On December 31st, Canada received a report about the existence of COVID-19. In early January the global supply chain for PPE was already disrupted, with some items on indefinite backorder. On January 25th the first presumptive case of COVID-19 was declared in Canada. On January 30th the W.H.O. declared the coronavirus “public health emergency of international concern“. On March 11th COVID-19 was declared a global pandemic. And finally, at the end of March Canada signs our first contracts for domestic production and supply of medical supplies including surgical masks and rapid tests for COVID-19. On April 1st the Ontario Hospital Association declared they were critically low on PPE, and requested immediate answers on when additional PPE would be available.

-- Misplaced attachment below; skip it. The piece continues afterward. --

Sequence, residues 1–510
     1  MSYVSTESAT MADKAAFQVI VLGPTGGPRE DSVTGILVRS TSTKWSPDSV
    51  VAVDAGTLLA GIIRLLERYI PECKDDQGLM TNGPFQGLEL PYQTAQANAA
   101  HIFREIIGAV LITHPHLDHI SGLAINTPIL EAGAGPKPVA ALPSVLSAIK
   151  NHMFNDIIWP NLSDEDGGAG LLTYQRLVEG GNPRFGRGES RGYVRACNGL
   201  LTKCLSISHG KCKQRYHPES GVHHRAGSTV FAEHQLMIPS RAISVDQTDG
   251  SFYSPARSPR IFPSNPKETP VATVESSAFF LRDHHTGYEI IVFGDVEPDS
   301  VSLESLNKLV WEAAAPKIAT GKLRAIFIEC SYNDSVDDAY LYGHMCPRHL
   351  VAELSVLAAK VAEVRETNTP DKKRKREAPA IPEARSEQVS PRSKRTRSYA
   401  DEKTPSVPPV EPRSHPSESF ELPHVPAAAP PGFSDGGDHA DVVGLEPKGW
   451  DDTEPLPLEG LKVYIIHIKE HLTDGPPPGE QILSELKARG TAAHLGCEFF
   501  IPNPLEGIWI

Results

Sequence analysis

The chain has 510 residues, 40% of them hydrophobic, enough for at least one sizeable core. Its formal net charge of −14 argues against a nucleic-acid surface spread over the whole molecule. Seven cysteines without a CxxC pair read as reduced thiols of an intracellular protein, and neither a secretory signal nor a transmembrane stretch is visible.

At an April 22nd meeting of the Standing Committee on Health, Sally Thornton was questioned by committee members on the status of the strategic stockpile, the level of PPE stock on hand with provinces, and for information on how quickly they were burning through their existing stock of PPE. Unfortunately, Sally was unable to answer any of these questions. One of the few questions she was able to answer directly was regarding the amount of expired PPE that had been destroyed in 2019, and she had this to say: